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Bursts of Color - Honesty 101

Lately it feels like exaggeration is widespread. This has reminded me of The Honest Truth About Disho
Bursts of Color - Honesty 101
By Geoff Donaker • Issue #29 • View online
Lately it feels like exaggeration is widespread. This has reminded me of The Honest Truth About Dishonesty, which I read years ago and skimmed again this week.
It’s a fascinating book and relevant for business leaders, so I recommend reading the real thing. In the meantime, here are a few of my (highly unscientific) take-aways for teams and marketplaces:

Most People Fudge, But Don’t Realize They Do
Given the opportunity to grade our own tests, peek at an answer key, calculate our own bonus or score our own golf game, most people “fudge” their answers a bit. More interestingly, we tend to be convinced that we scored ourselves correctly, and have little or no recollection that we exaggerated. These results were repeated consistently across age, country and other demographics.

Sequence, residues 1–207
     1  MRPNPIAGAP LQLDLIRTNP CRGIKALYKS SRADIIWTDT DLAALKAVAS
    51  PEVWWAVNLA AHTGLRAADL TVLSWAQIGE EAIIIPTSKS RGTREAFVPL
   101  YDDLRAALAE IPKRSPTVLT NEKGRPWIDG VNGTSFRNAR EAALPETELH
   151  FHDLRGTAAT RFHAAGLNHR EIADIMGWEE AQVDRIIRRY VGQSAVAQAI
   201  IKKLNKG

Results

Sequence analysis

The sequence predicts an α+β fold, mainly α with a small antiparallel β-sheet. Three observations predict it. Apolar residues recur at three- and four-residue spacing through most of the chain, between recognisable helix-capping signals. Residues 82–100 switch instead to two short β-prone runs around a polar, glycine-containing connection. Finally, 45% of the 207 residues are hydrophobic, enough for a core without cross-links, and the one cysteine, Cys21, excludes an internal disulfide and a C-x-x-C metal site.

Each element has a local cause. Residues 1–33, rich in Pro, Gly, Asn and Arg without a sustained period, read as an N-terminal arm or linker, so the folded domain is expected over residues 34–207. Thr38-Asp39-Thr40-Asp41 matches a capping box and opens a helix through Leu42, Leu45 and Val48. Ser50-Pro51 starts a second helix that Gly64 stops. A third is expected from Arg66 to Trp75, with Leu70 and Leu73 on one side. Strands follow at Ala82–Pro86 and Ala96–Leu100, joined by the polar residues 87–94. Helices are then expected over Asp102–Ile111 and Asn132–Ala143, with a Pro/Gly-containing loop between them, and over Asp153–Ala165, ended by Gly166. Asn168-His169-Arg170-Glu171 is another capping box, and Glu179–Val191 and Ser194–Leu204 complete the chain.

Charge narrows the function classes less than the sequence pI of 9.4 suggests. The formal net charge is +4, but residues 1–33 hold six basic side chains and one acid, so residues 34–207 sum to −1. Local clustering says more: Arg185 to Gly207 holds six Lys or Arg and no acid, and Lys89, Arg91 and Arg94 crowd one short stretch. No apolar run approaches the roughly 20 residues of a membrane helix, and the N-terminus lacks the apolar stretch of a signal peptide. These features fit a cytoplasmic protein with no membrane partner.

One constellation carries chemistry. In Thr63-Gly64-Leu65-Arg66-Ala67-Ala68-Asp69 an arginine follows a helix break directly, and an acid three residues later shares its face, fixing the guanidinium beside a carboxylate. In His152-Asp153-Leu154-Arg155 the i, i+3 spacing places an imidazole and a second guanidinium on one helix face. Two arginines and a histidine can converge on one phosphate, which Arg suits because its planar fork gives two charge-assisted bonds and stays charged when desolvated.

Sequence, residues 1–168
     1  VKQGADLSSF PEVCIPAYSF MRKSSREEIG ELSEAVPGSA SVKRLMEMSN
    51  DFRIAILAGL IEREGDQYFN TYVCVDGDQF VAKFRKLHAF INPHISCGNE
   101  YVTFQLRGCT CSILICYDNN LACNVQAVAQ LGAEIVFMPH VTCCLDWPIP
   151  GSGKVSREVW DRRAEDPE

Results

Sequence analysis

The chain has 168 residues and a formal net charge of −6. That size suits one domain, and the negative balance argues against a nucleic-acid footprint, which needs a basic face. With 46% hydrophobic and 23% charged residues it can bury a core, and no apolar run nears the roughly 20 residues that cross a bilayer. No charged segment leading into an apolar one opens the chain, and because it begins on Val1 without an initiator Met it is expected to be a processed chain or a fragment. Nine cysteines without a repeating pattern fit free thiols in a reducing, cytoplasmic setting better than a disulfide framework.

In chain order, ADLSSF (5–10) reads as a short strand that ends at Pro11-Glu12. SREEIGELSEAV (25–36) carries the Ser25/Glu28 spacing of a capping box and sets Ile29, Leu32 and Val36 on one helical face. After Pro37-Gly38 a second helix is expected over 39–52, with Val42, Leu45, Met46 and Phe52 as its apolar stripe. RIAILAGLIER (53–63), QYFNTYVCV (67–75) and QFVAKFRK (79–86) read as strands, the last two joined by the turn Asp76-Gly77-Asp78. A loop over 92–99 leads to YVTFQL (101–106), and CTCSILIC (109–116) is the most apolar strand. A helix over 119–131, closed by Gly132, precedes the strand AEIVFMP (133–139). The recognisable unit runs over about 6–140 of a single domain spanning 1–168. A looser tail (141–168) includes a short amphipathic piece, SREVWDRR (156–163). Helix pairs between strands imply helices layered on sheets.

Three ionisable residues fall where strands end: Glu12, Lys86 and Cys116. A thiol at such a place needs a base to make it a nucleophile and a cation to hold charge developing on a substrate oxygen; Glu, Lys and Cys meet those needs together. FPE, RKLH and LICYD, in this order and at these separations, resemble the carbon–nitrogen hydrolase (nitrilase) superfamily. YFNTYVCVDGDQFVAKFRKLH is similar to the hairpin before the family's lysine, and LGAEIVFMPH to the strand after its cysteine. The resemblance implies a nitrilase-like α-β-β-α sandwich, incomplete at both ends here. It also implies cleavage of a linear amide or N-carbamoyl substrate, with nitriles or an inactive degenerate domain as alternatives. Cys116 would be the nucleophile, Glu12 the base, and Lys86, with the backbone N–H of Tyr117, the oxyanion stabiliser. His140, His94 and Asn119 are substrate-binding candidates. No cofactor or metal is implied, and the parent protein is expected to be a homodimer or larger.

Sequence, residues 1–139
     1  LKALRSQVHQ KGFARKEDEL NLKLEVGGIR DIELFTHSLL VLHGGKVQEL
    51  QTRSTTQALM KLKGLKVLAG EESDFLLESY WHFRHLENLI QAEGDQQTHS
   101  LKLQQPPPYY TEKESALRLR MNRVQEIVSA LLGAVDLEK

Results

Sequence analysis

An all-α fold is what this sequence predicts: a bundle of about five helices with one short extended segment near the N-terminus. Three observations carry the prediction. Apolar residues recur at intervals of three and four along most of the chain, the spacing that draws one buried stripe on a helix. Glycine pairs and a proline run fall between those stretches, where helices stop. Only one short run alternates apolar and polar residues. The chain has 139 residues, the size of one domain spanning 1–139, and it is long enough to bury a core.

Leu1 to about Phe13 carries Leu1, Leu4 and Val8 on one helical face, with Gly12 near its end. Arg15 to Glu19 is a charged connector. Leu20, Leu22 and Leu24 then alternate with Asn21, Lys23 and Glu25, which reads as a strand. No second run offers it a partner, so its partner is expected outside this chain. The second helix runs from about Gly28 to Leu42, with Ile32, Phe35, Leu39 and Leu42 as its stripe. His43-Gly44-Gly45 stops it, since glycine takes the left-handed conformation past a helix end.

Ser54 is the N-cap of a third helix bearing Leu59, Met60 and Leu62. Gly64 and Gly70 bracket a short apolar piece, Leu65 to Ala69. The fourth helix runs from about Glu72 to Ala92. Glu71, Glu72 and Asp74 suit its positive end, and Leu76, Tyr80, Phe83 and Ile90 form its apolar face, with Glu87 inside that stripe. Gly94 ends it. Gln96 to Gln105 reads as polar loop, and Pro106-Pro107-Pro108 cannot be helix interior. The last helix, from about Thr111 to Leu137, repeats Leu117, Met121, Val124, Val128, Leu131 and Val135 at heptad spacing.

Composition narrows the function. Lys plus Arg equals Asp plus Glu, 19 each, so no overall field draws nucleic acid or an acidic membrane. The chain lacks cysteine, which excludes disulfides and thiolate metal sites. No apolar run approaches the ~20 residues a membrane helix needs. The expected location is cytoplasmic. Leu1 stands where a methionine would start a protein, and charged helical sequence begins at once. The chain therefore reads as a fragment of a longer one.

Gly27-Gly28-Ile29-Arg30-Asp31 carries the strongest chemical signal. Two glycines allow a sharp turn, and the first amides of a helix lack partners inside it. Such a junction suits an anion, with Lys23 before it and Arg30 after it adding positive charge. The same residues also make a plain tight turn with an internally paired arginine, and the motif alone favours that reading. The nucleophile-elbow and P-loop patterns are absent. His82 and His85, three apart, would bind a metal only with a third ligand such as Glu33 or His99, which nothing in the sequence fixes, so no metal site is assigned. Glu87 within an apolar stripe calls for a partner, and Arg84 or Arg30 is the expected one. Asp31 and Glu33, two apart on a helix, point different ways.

Some Factors Increase Exaggeration
While most people fudge a bit, some conditions can cause group dishonesty to get out of control. For instance:
  • Irritation: fudging rates double when we’re annoyed.
  • Fatigue: tired people exaggerate more.
  • Disconnection from Money: we’re more likely to steal a pen than a dollar.
  • “In Group” Behavior: when we see friends take mulligans, we tend to do the same.
How We Can Increase Honesty
Leaders can increase team integrity by trying to avoid the negative conditions above. A few other things that help:
  • Monitoring: we don’t exaggerate when we’re being watched.
  • Moral Reminders: we’re more honest right after reviewing a school honor code or our company values.
  • No Temptation: When we don’t grade our own work, we don’t tweak the score. This is the most self-evident one… and also the most relevant for system design!
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Geoff Donaker

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